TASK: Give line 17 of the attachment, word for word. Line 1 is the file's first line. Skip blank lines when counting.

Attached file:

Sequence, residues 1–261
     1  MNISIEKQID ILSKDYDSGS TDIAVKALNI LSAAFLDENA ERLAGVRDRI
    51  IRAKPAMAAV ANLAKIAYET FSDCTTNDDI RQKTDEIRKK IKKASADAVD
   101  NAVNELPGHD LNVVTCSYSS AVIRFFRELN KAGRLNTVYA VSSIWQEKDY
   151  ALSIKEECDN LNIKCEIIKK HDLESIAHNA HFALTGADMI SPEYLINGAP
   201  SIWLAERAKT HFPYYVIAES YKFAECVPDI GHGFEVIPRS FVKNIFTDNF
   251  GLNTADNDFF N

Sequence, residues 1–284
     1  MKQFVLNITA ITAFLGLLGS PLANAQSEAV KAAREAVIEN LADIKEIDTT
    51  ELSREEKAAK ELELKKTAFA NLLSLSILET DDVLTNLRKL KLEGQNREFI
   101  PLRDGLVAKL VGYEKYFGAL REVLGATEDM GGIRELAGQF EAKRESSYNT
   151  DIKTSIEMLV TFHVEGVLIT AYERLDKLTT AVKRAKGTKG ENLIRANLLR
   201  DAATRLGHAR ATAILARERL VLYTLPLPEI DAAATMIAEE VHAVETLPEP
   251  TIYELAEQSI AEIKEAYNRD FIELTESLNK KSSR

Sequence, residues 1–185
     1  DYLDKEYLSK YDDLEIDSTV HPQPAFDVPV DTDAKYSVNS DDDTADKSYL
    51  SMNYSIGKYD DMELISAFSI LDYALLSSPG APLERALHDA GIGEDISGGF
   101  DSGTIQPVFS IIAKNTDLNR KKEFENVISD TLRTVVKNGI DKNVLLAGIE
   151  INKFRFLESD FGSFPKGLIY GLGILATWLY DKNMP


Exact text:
    51  SMNYSIGKYD DMELISAFSI LDYALLSSPG APLERALHDA GIGEDISGGF